ACCESS: Top Secret
- Feb 11, 2007
- Reaction score
The irony is they're incentivizing him to stop management pressurizing the engineers because their bonuses depend on it by making his bonus depend on it.
I feel like it's almost giving too much credit to the broken parts of their management to call it "beancounter culture." Some of their moves don't even make sense for someone supposedly obsessed with the bottom line.
US senators have introduced a bill to Congress intended to reinforce safety and oversight, particularly with regards to certification, in the aftermath of the Boeing 737 Max grounding crisis. The proposed legislation, titled the Restoring Aviation Accountability act, has been submitted by...www.flightglobal.com
Plans to mandate simulator training for pilots before the grounded jet can return to service—a time-consuming and costly undertaking—could face a further complication: friction between the plane maker and U.S. officials.www.wsj.com
I think that it's going to be the other way around. Boeing's planned delivery rates are going to keep pace with the FAA inspections. No inspection, no delivery.Interesting that “excessive rework” is the cause of the lightning protection issue. That implies the panels were not right when first made and had to be hacked about before fitting. Given that electromagnetic compatibility (EMC) in general and LEMP (Lightning electromagnetic pulse) in particular is such a big deal for composite components, failure to reappraise the protection integrity after rework stands out as yet another example of safety culture under excess pressure. (FWIW EMC/EMP was once my day job. Typically the resin matrix gets vapourised by even a modest test lightning strike and the unprotected composite fibres break, splaying out like a bogbrush).
I begin to wonder whether the FAA inspections of each and every aircraft will be able to keep up with Boeing's planned delivery rates.
Well, "planned" and "actual" are not the same thing. The Max is not known for it track record of going to Boeing's plans recently.I think that it's going to be the other way around. Boeing's planned delivery rates are going to keep pace with the FAA inspections. No inspection, no delivery.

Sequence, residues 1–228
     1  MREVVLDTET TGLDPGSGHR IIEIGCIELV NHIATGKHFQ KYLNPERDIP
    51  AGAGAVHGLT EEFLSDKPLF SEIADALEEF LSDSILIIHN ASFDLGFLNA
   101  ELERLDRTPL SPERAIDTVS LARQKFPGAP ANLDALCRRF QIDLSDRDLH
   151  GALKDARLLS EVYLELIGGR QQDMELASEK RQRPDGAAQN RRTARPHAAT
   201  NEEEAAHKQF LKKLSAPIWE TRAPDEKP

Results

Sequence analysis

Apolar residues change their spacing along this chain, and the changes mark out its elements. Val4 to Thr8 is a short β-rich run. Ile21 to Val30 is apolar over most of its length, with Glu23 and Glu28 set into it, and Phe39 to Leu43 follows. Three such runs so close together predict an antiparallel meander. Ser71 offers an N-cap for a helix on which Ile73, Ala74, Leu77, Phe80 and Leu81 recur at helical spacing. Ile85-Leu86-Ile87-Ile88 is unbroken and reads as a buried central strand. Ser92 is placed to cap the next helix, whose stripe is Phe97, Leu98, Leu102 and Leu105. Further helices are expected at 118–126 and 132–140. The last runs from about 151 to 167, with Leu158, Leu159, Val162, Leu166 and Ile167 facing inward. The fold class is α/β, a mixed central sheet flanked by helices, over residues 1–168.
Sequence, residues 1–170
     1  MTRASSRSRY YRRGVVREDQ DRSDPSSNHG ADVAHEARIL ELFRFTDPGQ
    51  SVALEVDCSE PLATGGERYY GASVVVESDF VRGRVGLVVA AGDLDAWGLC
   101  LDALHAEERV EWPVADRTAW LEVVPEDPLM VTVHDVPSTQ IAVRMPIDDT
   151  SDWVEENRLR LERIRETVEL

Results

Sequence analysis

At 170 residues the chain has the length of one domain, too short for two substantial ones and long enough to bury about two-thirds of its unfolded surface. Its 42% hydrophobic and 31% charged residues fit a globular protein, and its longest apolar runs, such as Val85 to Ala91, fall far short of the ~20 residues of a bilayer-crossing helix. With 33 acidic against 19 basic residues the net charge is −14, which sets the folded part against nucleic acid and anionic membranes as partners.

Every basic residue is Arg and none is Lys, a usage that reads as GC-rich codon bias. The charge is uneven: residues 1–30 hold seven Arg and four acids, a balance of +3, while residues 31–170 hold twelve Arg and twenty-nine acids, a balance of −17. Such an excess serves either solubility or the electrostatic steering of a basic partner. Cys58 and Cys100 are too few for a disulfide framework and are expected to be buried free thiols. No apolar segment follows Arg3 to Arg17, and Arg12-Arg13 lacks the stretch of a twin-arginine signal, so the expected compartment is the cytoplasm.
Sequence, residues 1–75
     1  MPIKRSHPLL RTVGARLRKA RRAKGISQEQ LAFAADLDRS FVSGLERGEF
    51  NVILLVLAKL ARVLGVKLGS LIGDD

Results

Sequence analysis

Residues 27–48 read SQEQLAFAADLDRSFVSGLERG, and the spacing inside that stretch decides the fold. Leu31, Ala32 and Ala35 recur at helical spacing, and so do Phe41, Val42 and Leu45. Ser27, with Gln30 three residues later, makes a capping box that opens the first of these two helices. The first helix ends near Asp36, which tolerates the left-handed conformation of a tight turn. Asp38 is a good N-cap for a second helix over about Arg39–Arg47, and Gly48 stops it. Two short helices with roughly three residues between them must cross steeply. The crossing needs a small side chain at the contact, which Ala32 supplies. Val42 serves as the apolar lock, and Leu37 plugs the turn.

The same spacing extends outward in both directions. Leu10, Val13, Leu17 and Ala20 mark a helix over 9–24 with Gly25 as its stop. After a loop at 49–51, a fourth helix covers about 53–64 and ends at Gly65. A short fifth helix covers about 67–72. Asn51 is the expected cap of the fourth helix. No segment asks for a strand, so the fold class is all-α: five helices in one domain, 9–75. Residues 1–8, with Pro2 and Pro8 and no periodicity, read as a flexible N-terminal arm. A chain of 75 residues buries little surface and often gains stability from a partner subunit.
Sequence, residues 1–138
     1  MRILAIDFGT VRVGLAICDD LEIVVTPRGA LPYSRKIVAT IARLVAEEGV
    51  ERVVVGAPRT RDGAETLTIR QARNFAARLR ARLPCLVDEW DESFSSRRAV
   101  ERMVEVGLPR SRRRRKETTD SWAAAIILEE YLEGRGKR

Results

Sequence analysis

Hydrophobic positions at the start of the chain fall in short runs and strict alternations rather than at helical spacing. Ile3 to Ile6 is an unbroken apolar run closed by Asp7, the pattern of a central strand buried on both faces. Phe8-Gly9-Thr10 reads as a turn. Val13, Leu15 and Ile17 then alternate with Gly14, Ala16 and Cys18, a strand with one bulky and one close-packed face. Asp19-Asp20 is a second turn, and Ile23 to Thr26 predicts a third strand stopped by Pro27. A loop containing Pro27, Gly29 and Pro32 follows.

And foreign regulatory bodies are going to keep an eye out on the whole process, so it's going to be hard for Boeing to do an endrun around the inspections by pressuring the FAA.
US-built aircraft would be prohibited from being sold to foreign airlines unless the state concerned is compliant with ICAO standards, as determined by international safety assessment programmes. "
Hence, this radical regulation is a step forward in aviation safety. And once again Boeing and the US are at the forefront of the pack
Preliminary findings describe in stark terms how engineering mistakes and a “culture of concealment” at Boeing, coupled with insufficient federal safety oversight, led to two fatal crashes of 737 MAX aircraft.www.wsj.com
It remains to be seen how the present virus crisis could help Boeing: slowing down appetite from airline to get hands on their MAX order, in effect lowering Boeing needs for cash.
Not if the Airlines in question have gone to the wall. Or suffered enough economic damage to slow their recovery.Airlines will get tax relief in countries governed by clever people. Tax relief means that they will have to invest, and on the long term, to get full advantages of it.
To be fair, this is not hugely relevant here. As it says, in the current global crisis:Boeing Co's shares on Monday erased all gains recorded during ousted CEO Dennis Muilenburg's tenure due to the economic fallout of the coronavirus pandemic and uncertainty around the 737 MAX's return to service, which also led to a credit rating downgrade by S&P Global Ratings...www.reuters.com
Boeing on Tuesday said it was seeking at least $60 billion to assist the aerospace industry as it struggles with declining demand due to the coronavirus. President Donald Trump said the same day that he would support Boeing, which also is a top U.S. defense contractor.
"We appreciate the support of the president and the administration for the 2.5 million jobs and 17,000 suppliers that Boeing relies on to remain the number one US exporter, and we look forward to working with the administration and Congress as they consider legislation and the appropriate policies," the company said in a statement.